Campbell Corner Language Exchange


Speech After Long Silence : Of Poetry and Consciousness

by Noga Arikha

- Delivered at the 2005 Campbell Corner Poetry Prize Reading


When Phillis Levin and Elfie Raymond asked me to introduce this poetry reading, I hesitated: what do I, a historian of ideas about mind and body and consciousness, who deals with concepts and their history, have to say about poetry? Why in the world should I introduce the winner of the Campbell Corner Poetry Contest, and the runners-up?

But then I accepted. After all, the necessity of poetry was infused into my childhood, into my consciousness - my mother is a poet. I wrote poetry as a 20-year old, as most 20-year olds do. Occasionally, in an intense moment, I will still feel that the only thing left me to do is to write poetically. The outcome is irrelevant; the act is all, and it feels like a supreme act. Supreme in that moment. Deep down I still believe that if one is to have "Speech after long silence", as Yeats has it in the incipit to one of his short poems, then it better be poetic speech. Somehow it is the most intelligent speech.

Those who live and think in prose as myself can forget that language can perform miracles. Scholars are often tin-eared. Students of the mind easily forget their own minds; that is what is needed for science to function. One has long classified emotions and moods - the history of such efforts fascinates me. Today one actually researches the neurological and physiological correlates of emotions. We now study emotions, even the response to music and to painting. There is research into such phenomena as the need for familiarity, for example, that refers to evolved brain functions and genetically determined habits; on the nature of disgust, or of fear; on the origins of a sweet tooth. All this is interesting, and important. We are physical, evolved creatures; and to understand our own nature, we must go to nature. We must analyse the stuff that we are made of. But there is more stuff to ourselves than the stuff we see and know, and I have been struggling with this powerful awareness, perhaps infused with the sense of art I grew up with. I cannot help but focus on how scientific curiosity can trump self-knowledge - by neglecting the very stuff of which thoughts themselves are made: language.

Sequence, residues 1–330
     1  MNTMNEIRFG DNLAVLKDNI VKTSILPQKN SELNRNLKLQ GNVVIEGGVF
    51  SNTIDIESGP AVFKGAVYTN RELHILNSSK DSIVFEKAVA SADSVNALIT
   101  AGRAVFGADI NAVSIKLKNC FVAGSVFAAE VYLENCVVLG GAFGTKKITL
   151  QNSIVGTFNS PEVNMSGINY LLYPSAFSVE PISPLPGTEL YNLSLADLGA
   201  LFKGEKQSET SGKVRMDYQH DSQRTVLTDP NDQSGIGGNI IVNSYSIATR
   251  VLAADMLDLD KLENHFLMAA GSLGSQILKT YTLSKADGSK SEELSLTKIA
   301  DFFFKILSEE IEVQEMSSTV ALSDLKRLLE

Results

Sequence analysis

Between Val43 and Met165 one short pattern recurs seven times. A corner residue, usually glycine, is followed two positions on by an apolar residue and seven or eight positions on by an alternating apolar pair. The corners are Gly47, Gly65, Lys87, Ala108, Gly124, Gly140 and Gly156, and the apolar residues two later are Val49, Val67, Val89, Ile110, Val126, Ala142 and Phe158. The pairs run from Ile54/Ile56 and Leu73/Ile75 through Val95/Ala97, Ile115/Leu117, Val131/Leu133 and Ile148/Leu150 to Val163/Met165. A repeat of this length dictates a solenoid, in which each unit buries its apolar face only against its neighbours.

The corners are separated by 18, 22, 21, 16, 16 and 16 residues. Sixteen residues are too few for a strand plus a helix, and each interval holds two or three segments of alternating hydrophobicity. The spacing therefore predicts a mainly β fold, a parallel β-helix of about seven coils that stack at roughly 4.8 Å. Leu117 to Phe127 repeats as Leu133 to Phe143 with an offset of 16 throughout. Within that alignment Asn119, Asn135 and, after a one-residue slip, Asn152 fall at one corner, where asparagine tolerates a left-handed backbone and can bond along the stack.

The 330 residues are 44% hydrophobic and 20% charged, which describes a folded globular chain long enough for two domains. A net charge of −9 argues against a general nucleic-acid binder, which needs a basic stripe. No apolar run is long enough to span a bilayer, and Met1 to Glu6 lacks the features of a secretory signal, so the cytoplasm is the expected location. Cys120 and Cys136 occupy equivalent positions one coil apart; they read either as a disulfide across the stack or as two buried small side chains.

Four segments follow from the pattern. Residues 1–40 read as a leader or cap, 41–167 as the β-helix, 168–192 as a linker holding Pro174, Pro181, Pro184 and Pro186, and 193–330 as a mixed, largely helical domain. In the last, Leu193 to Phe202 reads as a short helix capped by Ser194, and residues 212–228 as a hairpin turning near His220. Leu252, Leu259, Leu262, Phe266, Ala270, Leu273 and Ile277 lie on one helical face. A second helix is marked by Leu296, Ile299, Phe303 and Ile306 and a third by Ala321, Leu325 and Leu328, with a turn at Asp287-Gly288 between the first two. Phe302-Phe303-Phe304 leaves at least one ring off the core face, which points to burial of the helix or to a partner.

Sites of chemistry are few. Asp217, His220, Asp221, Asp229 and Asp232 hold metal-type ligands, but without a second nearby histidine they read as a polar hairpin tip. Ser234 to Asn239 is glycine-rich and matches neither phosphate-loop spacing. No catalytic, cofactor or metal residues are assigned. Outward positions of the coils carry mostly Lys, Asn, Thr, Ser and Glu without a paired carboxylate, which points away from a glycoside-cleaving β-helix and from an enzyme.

The point is this: poetry is where we come from - verbally. It is the only form of linguistic intimacy. It is the outcome of listening to what lies within language, in spite of how we must use language every day. The four-year old son of a philosopher friend of mine declared to his mother recently that there are two kinds of thought: thoughts in the mouth and thoughts in the head. Thoughts in the mouth are written, he said, and thoughts in the head are dreams.

It might be that poems are the thoughts in the head that are written - that would explain why poets are commonly perceived as special knowers, endowed with a special insight into consciousness that others have lost, left behind in their childhood, in their pre-linguistic life perhaps. Cognitive psychologists, philosophers and scientists who research the human mind do so by using language descriptively - they write prose, thoughts in the mouth to account for the origins of writing and thinking, to depict the thoughts in the head. Poets on the other hand use language performatively; the poem is something like verbally embodied consciousness. Poetic language at best is transparent; at the place that Wittgenstein famously identified as inaccessible to meaningful language, and that seventeenth-century natural philosophers had believed was the realm of post-lapsarian man. Pre-Adamic language is in the head - or so it would seem, if one is to believe the four-year old boy.

Certainly the poem follows the rhythms of the mind; in that sense a cognitive psychologist could very well analyse it in order to understand the mind better. But that is precisely what cannot be done. The poet is able to gather into one place the intensity of insights; of course the technical ability is needed to do so, just as technical ability is empty without insight. But what sort of insight is the poetic insight?

What is it about the elaborate transformation of language into performance, the emphasis of the musicality of linguistic sound, that so transcends prosaic descriptive, language? Why is it that the poetic experience matters? Is poetic insight equivalent, or inferior, or superior to philosophical insight? Is that even a valid question?